Scott Berkun: The Myths of Innovation
I think it was last week that I attended a presentation at Adaptive Path, where Scott Berkun gave an engaging presentation based on the material he presents in his new book: The Myths of Innovation. He is a very engaging speaker and the presentation was a treat. He got me thinking about innovation, what it means to be innovative, and what to expect along the way.
Some ideas include:
- Innovation doesn’t just happen: apparently, Newton may never have been struck by an apple, but even if it did, it was just one of many inspirations along with a subsequent twenty years of work to describe the mathematical idea of gravity.
- History picks winners and heroes to remember, but the truth is that innovation is the product of taking many many new ideas and putting together something new. Standing on the backs of giants . . .
- . . . it takes more than just a great idea to produce the next innovation: without the resources to implement, promote, et cetera, and even more important: if the culture is not yet ready for a great idea, it will be remembered, if at all, as “ahead of its time.”
What I found more interesting is when he talked about what people have done with this improved understanding of how innovation really works. He spoke about the 3M corporation: Minnesota Mining and Manufacturing. After some false starts with mining they ended up making good money selling sandpaper. Then an engineer, noticing the difficulty a customer was having at trying to paint cars two different colors, asked his boss if he could work on an idea to solve that problem. The boss resisted, but the engineer couldn’t let the idea go, and he eventually figured out masking tape, which was an even better product than sand paper. Management realized that allowing for some creative exploration was within the company’s best long-term interests, and worked to develop a culture friendly to creative endeavor. Post-it notes are another famous example from 3M: they had developed an adhesive that was too weak, but after some time this led to a creative solution to the question of “I would really like to make notes in my research without marking up these books.” (Actually, I think Google was what happened when Larry and Sergei wanted to create an annotation tool for the web . . . and now they are famous for their “20% time”.)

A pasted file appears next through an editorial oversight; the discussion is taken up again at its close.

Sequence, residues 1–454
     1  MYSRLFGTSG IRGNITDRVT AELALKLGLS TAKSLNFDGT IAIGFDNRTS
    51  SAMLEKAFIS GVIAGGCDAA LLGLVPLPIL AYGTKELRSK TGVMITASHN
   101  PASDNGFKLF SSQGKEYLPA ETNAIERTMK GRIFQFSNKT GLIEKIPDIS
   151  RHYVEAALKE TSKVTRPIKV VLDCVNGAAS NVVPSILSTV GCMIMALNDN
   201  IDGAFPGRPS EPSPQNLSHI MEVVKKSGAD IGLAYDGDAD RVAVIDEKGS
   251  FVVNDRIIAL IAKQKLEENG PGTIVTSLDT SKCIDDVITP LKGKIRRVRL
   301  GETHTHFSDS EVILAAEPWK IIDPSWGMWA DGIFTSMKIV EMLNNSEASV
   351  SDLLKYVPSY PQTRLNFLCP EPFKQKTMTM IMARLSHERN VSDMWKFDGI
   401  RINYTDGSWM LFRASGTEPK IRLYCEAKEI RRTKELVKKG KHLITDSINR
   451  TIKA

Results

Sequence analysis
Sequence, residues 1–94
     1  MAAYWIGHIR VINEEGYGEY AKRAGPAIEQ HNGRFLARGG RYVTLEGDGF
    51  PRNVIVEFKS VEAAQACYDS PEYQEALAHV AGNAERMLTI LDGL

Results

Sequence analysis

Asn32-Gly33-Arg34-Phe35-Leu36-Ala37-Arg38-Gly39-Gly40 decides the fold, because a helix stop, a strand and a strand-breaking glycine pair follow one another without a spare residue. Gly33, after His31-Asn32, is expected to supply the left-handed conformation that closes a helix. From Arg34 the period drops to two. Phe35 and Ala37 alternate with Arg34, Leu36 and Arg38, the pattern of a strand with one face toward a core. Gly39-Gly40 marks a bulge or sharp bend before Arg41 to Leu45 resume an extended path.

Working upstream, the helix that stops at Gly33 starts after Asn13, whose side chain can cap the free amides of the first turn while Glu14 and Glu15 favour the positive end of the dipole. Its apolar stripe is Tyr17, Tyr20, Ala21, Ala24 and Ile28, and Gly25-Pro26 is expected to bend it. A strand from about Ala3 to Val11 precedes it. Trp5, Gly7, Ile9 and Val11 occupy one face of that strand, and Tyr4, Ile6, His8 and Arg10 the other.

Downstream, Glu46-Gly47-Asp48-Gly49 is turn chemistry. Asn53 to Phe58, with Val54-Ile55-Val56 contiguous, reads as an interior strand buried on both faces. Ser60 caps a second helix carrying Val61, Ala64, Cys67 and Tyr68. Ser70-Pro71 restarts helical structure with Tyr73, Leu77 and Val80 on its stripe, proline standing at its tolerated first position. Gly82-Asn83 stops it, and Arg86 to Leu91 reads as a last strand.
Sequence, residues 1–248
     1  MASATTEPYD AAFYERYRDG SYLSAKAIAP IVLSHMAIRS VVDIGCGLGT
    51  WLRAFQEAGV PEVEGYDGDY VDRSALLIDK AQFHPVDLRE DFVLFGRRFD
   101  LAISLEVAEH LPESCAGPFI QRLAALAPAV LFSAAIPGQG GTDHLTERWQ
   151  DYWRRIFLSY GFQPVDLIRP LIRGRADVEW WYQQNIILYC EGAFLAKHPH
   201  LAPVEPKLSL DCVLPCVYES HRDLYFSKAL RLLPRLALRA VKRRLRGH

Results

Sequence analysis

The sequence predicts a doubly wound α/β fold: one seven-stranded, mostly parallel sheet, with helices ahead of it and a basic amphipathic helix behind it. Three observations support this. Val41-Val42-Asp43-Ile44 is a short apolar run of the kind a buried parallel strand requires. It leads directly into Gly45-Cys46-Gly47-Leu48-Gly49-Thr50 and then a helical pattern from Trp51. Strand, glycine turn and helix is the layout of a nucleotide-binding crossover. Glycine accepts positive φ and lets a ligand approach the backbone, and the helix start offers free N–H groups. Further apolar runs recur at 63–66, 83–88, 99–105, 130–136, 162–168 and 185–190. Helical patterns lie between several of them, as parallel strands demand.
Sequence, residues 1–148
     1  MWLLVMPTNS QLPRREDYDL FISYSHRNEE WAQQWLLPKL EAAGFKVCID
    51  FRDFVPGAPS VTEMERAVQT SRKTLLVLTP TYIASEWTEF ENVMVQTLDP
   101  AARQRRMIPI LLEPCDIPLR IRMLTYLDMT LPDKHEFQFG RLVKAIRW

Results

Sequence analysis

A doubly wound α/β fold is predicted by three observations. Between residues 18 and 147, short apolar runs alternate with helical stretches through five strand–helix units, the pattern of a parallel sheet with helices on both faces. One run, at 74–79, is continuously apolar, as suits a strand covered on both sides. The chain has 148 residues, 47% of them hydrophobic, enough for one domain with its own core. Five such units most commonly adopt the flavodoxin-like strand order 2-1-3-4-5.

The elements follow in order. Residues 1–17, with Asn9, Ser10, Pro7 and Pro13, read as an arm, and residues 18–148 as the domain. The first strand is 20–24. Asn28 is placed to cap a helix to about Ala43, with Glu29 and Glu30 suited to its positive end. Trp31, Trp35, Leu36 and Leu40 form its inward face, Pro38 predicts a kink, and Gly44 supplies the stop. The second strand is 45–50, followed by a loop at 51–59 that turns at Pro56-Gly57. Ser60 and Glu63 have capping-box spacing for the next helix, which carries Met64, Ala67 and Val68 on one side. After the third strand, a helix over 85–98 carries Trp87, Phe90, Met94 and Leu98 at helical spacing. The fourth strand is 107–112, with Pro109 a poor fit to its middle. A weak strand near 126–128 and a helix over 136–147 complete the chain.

I bought the hardcover for nearly $30, and Scott was good enough to sign it for me. I am nearly finished reading, and since Scott is not only very engaging, but he also left work some years back to devote his entire energy to writing, I thought it good to plug his work. It is not some weighty, serious tome: he has fun along the way, gets you thinking, and then lets you off where you were with perhaps a bit better insight. I will share the very first paragraph from the preface, which made me smile, and if you choose to read further, it is all on you:
“Prefaces are often like bad first dates: too much talk, too soon. Books, like future significant others, should know how much to say and when. Chapter 1 gets the first slot for a reason: if I’ve done my job, you can start with the first sentence and continue until you hit the back cover. That said, I offer you the choice of skipping the rest of the preface and digging in, or skimming around. It’s the only way to know if we’re right for each other. I hope we are, but if you don’t like what you find, it’s me, not you.”
If Scott’s words intrigue you, you can explore a bit further: read a sample chapter (pdf), check out a “teaser video” that Scott produced, or buy the book online from Amazon.com.